The probability a district elects a black lawmaker in the Deep South (left panel) versus the Rim South (right panel) depends on the size of a district’s black population. Across the three decades for the given election periods, it is clear that black legislators are elected with smaller black populations in the Rim South relative to the Deep South. In 1993-1995, for example, the probability that a Deep South district elects a black lawmaker reaches 0.5 (even odds) when the black population is between 54 and 55 percent. In that same period, the probability a district in the Rim South elects a black legislator reaches 0.5 when the black population is between 49 and 50 percent. This 5 percentage-point difference nearly doubles in 2003-2005 (52 to 53 percent for the Deep South versus 43 to 44 percent for the Rim South) and in 2013-2015 (48 to 49 percent for the Deep South versus 40 to 41 percent for the Rim South).
Beyond the pressing normative views regarding the broader political and representational implications of the relationship between majority-minority districts and black representation, our empirical analysis indicates an inexorable dynamic in party politics. Our findings leave no doubt that a considerable reduction in majority-minority state legislative district populations can be accomplished while ensuring black descriptive representation. In light of the Supreme Court’s 2013 decision in Shelby County v. Holder, which scrapped the federal enforcement of the Section 5 preclearance provision of the Voting Rights Act, we expect in the next decennial round of redistricting most Democrats will push for a reduction in the size of minority populations in majority-minority districts, while almost every Republican will continue to insist that majority-black districts should remain as is, or better yet, contain even higher African-American populations.
According to data supplied to me today from Chris Cate, spokesperson for the Florida Secretary of State, between April 11, 2012 and June 14, 2012, 107 people have been removed from the state’s voter rolls on account of being a suspected noncitizen. As an aside, that’s roughly 0.00095536% of the 11.2 million people currently registered to vote in the Sunshine State.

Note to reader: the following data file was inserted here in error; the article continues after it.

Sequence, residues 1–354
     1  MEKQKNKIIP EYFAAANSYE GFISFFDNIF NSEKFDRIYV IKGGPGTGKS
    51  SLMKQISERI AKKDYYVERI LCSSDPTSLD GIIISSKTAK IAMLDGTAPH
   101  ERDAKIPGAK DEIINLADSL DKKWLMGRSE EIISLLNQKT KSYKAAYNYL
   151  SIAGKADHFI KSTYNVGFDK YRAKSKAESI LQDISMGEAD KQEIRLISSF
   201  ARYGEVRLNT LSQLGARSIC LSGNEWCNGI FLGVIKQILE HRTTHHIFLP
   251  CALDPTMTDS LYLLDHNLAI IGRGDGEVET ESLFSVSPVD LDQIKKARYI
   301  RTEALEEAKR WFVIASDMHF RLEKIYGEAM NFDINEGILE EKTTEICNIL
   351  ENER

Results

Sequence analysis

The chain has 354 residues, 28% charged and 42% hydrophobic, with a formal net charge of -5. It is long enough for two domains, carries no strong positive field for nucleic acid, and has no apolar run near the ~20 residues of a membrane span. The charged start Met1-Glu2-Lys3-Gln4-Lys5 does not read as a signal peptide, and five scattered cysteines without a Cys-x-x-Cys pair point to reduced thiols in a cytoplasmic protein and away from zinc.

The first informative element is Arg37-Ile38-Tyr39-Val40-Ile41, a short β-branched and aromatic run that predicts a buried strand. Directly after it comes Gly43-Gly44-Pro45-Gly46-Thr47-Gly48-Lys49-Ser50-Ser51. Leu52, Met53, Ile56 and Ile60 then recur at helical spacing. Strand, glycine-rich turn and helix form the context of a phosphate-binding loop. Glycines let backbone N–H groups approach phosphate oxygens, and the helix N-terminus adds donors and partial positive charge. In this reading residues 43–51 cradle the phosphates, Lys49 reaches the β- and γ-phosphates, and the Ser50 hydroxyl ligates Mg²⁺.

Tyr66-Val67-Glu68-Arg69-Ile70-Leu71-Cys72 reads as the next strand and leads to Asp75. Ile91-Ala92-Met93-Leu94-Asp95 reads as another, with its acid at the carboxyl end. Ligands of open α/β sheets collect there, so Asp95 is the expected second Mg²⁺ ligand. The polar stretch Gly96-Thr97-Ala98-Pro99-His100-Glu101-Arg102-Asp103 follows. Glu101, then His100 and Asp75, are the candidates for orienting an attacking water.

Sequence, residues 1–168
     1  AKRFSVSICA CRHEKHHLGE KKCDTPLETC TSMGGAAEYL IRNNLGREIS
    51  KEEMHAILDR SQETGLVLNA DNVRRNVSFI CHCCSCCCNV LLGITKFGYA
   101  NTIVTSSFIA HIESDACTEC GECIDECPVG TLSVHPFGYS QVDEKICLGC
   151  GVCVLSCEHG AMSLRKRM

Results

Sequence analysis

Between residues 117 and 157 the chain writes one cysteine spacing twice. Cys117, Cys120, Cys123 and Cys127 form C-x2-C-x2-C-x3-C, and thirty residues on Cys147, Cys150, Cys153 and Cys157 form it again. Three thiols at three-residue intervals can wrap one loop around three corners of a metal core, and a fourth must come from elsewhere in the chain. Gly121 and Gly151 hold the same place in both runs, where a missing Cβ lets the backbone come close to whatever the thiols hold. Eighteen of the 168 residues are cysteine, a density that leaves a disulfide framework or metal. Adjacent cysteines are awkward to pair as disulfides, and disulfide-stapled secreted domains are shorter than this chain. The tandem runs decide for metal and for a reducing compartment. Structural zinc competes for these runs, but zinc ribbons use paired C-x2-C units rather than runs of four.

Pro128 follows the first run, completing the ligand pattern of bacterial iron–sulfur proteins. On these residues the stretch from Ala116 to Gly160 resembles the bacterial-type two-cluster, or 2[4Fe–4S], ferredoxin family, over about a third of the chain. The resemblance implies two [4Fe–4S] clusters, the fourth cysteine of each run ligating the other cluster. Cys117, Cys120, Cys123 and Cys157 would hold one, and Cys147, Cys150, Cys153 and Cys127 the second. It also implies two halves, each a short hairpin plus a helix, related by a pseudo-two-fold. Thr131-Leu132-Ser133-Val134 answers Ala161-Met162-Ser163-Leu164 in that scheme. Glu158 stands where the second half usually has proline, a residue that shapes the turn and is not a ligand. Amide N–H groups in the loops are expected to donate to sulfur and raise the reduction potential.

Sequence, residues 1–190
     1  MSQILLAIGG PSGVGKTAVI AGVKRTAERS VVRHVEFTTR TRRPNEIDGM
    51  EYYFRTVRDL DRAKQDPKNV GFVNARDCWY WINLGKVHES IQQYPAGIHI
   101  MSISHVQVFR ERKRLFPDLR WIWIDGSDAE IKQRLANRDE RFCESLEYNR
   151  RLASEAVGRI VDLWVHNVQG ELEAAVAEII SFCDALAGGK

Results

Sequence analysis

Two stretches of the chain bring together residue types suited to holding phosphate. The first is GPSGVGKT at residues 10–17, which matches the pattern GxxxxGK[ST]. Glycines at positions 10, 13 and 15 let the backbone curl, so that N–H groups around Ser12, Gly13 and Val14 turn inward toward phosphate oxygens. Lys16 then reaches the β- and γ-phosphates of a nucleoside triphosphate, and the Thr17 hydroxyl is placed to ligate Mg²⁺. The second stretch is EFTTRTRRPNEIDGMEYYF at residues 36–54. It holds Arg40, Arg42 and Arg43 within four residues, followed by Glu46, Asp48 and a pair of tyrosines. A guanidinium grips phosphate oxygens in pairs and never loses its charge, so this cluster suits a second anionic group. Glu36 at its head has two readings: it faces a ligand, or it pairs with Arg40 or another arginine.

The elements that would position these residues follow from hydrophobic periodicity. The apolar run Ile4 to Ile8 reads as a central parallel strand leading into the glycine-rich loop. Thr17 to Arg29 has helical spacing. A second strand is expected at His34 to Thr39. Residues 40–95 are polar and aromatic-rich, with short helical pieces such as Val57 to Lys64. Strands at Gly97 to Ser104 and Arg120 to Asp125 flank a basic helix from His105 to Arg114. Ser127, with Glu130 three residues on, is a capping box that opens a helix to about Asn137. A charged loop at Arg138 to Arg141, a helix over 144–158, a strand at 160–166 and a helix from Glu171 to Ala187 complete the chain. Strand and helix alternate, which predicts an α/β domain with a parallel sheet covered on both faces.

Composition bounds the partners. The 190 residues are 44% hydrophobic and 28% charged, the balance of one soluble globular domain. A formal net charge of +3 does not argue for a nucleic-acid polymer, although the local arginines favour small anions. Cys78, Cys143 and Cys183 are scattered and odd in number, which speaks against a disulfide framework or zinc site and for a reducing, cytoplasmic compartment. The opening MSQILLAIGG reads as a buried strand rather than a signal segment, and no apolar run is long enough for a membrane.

Of those removed from the voter rolls for being suspected noncitizens, 86 were excised between April 11 and June 8; an additional 21 people were purged the following week.
Residents living in Lee County accounted for more than 41% (44/107) of those purged from the voter rolls. A recent story by Marc Caputo of the Miami Herald reported that Lee County (along with Collier County) apparently were “continuing with the program of purging potential noncitizens if they fail to respond to the counties’ requests to proof citizenship.”
What’s surprising, though, is the fact that the office of the Florida Secretary of State–in its flawed, and widely discredited effort to identify noncitizens–only provided the Lee County Supervisor of Elections, Sharon Harrington, the names of 13 potential noncitizens. That’s 13 names of potential noncitizens from the state’s pared-down list of 2,625 names that the Division of Elections sent to the state’s 67 local elections officials back in May.
According to my analysis of the data, of the 44 registered voters in Lee County that the state has removed from the voter file, only two were on the state’s list of 13 potential noncitizens.
So, how did Lee County officials determine on their own that 42 other individuals on the voter rolls were supposedly noncitzens? Did they have access to the U.S. Department of Homeland Security’s elusive SAVE database?
According to Caputo, Lee County’s SOE Harrington evidently decided to purge voters from her list after “a local television station compared the voter files with the names of people who got out of jury service by saying they were noncitizens.”
While I certainly don’t condone fibbing to get out of jury duty, it’s troubling that Lee County is apparently using statements made by individuals to avoid jury duty to establish whether or not they are U.S. citizens. It’s not uncommon for people to lie to avoid serving on a jury. And those who are caught doing so, face severe penalties.
But should they also be disenfranchised?